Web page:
Re: [CR]Mysteries of framebuilding


Example: Component Manufacturers:Avocet

From: "brianbaylis@juno.com" <brianbaylis@juno.com>
Date: Fri, 1 Jun 2007 07:17:40 GMT
To: bobhoveyga@aol.com
Subject: Re: [CR]Mysteries of framebuilding
cc: classicrendezvous@bikelist.org
cc: classicrendezvous@bikelist.org

Bob,

Albert is somewhat like you describe. But his main interest is in the

new bikes they are building at any given time. One reason. There is no

money in the older bikes. Only the current bikes generate income. The

old bikes are just attached to people who want to know more about them

and waste his time asking questions. I found Ernesto Colnago to be

exactly the same way, upon the one occasion I had the opportunity to

ask him if there were any early 70's bikes floating around in Italy.

As a musician myself, I have to give a different perspective on

performing music. During the process of playing music, at least for me

it requires a lot of concentration. Also the balance of the entire

presentation is not best heard from my vantage point. I have to admit,

listening to recordings of performances and rehearsals is something I

enjoy tremendously. Two reasons. I can hear the entire work from the

perspective of the audience. Second, it is by far the best way to hear

what needs to be improved or hear the things I didn't hear while

performing the music. 90% of the music I listen to are recording of

groups I've played with over the years. Actually more satisfying than

playing the music, which for me involves a certain amount of stress

and intense concentration.

Insofar as framebuilding goes; my primary joy is in building the bike

and using my brains and my hands to create it. To have others tell me

they love their bike or think my work is great is good and all that;

but it does not compare to actually doing the work. Riding my bikes is

fun too; but I have LOTS of great bikes and most of them are a joy to

ride. Builders who only ride their own bikes are very shortsighted and

stand to miss a lot that can be learned from other peoples work.

Making lots of bikes for oneself is great also. I've made over 50

bikes for myself over the last 35 years. That's how you learn. Ride

everything. Make a variety of bikes and learn as much as you can about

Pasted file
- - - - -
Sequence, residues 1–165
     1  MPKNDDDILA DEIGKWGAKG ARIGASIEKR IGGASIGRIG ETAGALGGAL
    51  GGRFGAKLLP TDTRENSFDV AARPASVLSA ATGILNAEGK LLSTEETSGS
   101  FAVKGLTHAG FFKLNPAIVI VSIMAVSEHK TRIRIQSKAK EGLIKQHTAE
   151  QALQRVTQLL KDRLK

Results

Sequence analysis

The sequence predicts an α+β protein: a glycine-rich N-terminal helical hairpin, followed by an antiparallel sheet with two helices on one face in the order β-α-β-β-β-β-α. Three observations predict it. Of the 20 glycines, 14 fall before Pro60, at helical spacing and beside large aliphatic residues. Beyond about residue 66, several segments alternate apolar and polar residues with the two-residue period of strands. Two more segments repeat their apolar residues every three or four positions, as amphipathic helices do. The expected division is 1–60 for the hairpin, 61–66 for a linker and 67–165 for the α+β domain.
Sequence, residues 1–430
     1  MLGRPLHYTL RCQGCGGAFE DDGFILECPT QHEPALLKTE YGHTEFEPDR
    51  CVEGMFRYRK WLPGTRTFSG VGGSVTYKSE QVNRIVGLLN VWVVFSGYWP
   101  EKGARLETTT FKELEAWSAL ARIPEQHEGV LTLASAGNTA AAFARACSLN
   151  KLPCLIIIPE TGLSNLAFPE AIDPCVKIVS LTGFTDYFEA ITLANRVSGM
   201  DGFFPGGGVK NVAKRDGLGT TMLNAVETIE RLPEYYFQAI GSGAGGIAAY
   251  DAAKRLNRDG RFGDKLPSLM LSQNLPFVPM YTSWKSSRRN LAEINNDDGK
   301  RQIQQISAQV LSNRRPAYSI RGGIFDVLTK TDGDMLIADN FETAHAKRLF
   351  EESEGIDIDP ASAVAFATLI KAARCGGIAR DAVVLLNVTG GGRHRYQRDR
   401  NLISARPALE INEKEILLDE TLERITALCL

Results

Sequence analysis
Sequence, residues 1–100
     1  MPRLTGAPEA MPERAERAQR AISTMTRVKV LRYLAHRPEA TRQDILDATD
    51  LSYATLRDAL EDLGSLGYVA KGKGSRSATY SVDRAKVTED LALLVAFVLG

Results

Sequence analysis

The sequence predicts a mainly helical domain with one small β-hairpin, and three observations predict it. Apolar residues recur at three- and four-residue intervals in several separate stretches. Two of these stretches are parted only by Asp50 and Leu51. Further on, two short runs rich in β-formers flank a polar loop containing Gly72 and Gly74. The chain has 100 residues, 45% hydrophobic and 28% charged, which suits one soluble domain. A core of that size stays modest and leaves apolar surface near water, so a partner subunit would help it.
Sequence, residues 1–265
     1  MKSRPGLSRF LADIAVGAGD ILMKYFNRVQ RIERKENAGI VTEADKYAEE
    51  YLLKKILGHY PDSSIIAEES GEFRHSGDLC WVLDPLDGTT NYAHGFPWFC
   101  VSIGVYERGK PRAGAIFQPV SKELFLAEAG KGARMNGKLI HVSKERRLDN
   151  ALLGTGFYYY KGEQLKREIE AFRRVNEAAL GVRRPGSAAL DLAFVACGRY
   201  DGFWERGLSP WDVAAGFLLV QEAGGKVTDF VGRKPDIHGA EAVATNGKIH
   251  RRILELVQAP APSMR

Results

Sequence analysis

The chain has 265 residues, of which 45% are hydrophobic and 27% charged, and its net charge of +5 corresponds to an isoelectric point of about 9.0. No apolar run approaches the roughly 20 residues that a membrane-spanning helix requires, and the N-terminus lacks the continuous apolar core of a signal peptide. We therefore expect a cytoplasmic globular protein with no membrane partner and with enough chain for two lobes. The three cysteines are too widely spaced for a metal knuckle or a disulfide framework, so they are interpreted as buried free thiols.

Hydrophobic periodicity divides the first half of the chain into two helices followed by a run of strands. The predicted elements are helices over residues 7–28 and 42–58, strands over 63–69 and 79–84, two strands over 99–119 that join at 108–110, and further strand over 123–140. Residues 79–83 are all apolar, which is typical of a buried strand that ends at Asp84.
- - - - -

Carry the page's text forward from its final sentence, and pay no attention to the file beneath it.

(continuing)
each one that is within your area of interest.

Brian Baylis
La Mesa, CA


-- "Bob Hovey" wrote:


Oh, and there's more to the story... this lady went for years trying

to

figure out ways NOT to sell her work. She gave quilts to relatives,

then

friends, then her doctor, dentist, and hairdresser. When her output

finally

outstripped her supply of friends, she would just spread the most

recent

quilt on the bed in her guest room. When I met her, they went at

least two

dozen deep on that bed. But still her attitude remained that she was

not

going to pollute her one real joy in life by taking money for it. In

the

back of her mind I think she knew that they would get sold someday,

just not

by her... perhaps her daughter would sell them after she died to put

her

granchildren thru college or something.

The return she got from her quilting brings up an interesting point,

one

that's worth examining because we all know that almost no one becomes

a

framebuilder thinking they will make a lot of money... almost everyone

has

other reasons, some of them perhaps bordering on compulsion. So what

is the

primary source of satisfaction artists and craftsmen get from their

work? I

know quite a few painters who admire the work they've done and always

keep a

few of their best pieces on the wall (if they can afford to), and I

know

many craftsmen who enjoy using the objects they create, including

quite a

few framebuilders who really enjoy riding their own bikes.

But I know other artists who could care less about a piece once it is

done.

For them, the only real joy is in the doing, and once a work is

completed it

becomes an object like any other and they exhibit a peculiar

disconnection

or even disdain for the piece. Several folks have mentioned on the

list

that Eisentraut may be a bit like this, he seems to display no

interest at

all in his past work and expresses amusement and puzzlement over those

who

do. Perhaps these people are more like musicians than traditional

artists... because once the last note of a piece of music fades, it is

no

more. All that is left for the musician who only feels truly alive

when he

is playing is to continually look to the next song.

Bob Hovey Columbus, GA

Brian Writes:

If I could do as the quilter did (alas, I'm not a receptionist), I would do so also. The pleasure and satisfaction of spending enough time on a frame to make it purposful and unique at the same time is satisfaction enough to feed the soul and give purpose to life. The only standards that I have lowered in order to continue as I do are my standard of living. There are other ways to approach the situation, but the system I abide by works for me.

Brian Baylis
La Mesa, CA


-- BobHoveyGa@aol.com wrote:


<snipped> I knew a wonderful quilter who worked as a receptionist and gave her quilts away only to those she felt would appreciate them. She would spend several hundred hours on a quilt and for her it was all about love, so she was not about to hand it over to strangers for money.

Bob Hovey
Columbus, GA USA